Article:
The Race Baiter Speaks

And has no regrets.

U.S. Rep. John Lewis on Tuesday said he had no regrets for claiming that Republican rhetoric in the presidential contest reminded him of words spoken by segregationist Alabama Gov. George Wallace —- but he admitted that he could have made his point “in a different way.”

Kind of like his 2006 commercial. You know, your life depends on you voting against the GOP.

Sigh.

20 comments

  1. AtlConservative says:

    Erick, did you get the memo that you are only racist if you are white. You can only be a race baiter if you are white. Because Lewis is a minority, he can do anything he wants!

  2. John Konop says:

    Unless the GOP starts focusing on economics instead of issues like this the party will become small and regional based. I focus on my own behavior not others because that is what I control. The concept of focusing on Ayers, Acorn, Muslim….via Obama is a turn off to must Americans.

    Most Americans are scared about jobs, lack of savings for the future, healthcare….. At a time when leadership could come forward with real solutions via out of control spending via government and personal this is what you focus on?

    This is why the GOP is in trouble. One can only hope the Party learns from this mistake in 08.

  3. Decaturguy says:

    Does this mean that when John McCain is elected, John Lewis will no longer be one of the three most important people that he consults with?

    What “region” will the GOP be based Konop? Alabama and Mississippi?

  4. John Konop says:

    I think it will be more based on demographics by age. The polling data shows the race and religious right issues like gay marriage means very little to people 40 and under.

    I went to my sons’ homecoming game last weekend with my family and a friend I grew up with from Ohio. My son goes to Woodstock High School which predominately white. Yet you could tell the race issue means nothing watching the kids.

    We all commented about how the younger generation will put this issue behind us.

  5. AtlConservative says:

    I’m under 40. I am a Republican. I am fiscally conservative and socially moderate. My concerns about gay marriage have more to do with judges legislating from the bench than a moral issue. I don’t care what religion you are. I don’t care what color you are. I am pro-choice to a point.

    Some socially conservative Republicans may ask how am I truly Republican…. Here’s the answer – I am for smaller government, less taxes, personal responsibility, and justice for all. I want to take my money home and be able to decide if and to whom I want to give my money to. I want to be rewarded for hard work.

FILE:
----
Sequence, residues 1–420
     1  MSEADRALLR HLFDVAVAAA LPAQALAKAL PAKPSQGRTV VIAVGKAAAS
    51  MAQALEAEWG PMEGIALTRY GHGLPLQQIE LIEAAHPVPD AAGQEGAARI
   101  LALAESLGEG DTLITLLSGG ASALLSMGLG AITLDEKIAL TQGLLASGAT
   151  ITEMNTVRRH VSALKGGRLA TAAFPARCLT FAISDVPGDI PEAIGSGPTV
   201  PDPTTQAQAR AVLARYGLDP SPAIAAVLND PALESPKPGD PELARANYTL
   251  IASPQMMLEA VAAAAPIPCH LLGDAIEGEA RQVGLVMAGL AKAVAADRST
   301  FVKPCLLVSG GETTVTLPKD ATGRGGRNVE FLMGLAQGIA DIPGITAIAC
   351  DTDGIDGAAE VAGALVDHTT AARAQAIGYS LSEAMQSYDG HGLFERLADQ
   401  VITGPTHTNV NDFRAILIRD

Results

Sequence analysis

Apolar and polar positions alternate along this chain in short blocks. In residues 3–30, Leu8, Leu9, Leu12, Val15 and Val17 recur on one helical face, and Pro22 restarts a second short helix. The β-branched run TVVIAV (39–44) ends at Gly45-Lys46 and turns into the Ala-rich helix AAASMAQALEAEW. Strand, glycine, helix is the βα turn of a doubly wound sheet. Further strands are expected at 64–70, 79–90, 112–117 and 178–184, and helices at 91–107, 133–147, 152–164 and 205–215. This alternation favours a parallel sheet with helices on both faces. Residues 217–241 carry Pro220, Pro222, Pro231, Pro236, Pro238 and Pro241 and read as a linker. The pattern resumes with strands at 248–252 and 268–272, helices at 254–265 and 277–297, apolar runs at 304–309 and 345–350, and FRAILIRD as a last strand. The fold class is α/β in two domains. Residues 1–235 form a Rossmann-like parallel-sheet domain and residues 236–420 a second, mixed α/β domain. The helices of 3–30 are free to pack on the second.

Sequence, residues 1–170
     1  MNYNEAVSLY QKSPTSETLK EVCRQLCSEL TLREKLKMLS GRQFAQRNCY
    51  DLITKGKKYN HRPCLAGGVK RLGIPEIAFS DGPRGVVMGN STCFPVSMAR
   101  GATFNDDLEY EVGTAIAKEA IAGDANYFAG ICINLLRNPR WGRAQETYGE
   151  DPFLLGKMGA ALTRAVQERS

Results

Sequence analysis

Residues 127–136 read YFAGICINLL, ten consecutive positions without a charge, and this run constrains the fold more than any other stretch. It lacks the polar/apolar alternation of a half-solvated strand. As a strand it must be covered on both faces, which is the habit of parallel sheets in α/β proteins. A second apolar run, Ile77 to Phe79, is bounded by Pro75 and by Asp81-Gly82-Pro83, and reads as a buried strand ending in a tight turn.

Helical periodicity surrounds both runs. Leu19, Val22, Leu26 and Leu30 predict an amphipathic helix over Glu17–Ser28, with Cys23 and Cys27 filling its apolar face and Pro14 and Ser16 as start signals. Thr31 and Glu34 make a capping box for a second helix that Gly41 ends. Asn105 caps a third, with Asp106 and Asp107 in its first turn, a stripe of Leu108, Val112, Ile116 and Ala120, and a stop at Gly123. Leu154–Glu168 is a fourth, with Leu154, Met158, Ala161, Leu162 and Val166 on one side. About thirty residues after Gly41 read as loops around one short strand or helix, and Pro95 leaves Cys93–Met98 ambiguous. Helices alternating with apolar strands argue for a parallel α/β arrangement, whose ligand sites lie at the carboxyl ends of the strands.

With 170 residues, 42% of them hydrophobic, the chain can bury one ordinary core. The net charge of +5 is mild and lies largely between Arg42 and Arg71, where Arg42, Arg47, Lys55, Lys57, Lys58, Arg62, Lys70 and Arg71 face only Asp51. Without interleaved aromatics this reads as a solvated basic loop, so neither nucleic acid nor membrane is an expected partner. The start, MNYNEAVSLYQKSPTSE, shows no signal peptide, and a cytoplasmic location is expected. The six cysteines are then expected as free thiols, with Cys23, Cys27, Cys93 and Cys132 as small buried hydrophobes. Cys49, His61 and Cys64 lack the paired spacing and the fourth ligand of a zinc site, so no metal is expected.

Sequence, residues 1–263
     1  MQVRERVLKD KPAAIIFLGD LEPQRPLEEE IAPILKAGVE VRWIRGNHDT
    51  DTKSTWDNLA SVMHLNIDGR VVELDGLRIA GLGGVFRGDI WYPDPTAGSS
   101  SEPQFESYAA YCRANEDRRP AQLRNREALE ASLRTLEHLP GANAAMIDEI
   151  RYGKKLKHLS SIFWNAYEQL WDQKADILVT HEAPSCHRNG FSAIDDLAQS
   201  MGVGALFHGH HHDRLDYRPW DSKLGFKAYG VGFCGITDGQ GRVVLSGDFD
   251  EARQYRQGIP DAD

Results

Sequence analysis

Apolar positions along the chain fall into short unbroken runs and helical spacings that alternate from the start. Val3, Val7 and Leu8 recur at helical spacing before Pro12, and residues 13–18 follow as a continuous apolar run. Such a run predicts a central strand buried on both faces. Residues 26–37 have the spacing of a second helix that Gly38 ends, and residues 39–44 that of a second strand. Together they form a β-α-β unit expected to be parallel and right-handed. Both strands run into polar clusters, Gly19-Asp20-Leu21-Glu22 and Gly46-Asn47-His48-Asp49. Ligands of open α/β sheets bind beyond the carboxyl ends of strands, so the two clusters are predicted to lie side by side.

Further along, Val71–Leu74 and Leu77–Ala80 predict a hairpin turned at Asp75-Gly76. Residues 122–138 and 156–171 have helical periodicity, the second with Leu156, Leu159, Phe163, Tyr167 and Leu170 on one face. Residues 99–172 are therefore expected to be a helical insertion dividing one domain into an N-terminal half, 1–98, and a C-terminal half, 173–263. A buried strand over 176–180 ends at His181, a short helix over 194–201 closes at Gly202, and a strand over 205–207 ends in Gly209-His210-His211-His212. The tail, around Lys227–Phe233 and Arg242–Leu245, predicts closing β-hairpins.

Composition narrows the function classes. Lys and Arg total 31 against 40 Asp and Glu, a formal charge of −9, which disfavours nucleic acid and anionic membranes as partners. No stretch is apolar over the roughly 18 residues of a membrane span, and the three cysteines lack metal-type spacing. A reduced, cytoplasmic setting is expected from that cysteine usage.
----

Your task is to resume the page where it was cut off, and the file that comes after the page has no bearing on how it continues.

Yes John. The people under 40 are going to be different – BUT the core Republican values remain the same. That is what we believe in!

  6. AtlConservative says:

    PS I believe that race issues are getting worse. I truly believe I see more racism toward white people. While your son and his friends may not care about the race issue, the minorities seem to be getting angrier everyday.

  7. John Konop says:

    AtlConservative

    You represent the future of the GOP. I do think the Young Republicans are the key to the future of the GOP. And from speaking in front of the group a few times your views seem predominate to me. That is why I have been very supportive of your group. That is why the old guard needs to step aside and let you guys take control.

  8. Mike Hauncho says:

    I am under 30 and a Republican and more people are interested in what the connection Ayres is once they actually hear about it. People are concerned about the economy but very few are focused on the solution. They think that by replacing a Republican President with a Democrat President will make things better. Guess again. With each passing day we are shown that it is going to take a real leader with real ideas to help turn around the country. Barack Obama has never even run a lemonade stand yet somehow people think he is qualified to be President.

    Cong. Lewis needs to step aside and let a new generation step up. He has been saying the same thing for 30 years and it got old 20 years ago. Without the fear of race he has nothing to stand on. I hate to see that happen to a man who pout his life on the line for what he believes but it is time to go.

  9. Mike Hauncho says:

    ATLConservative,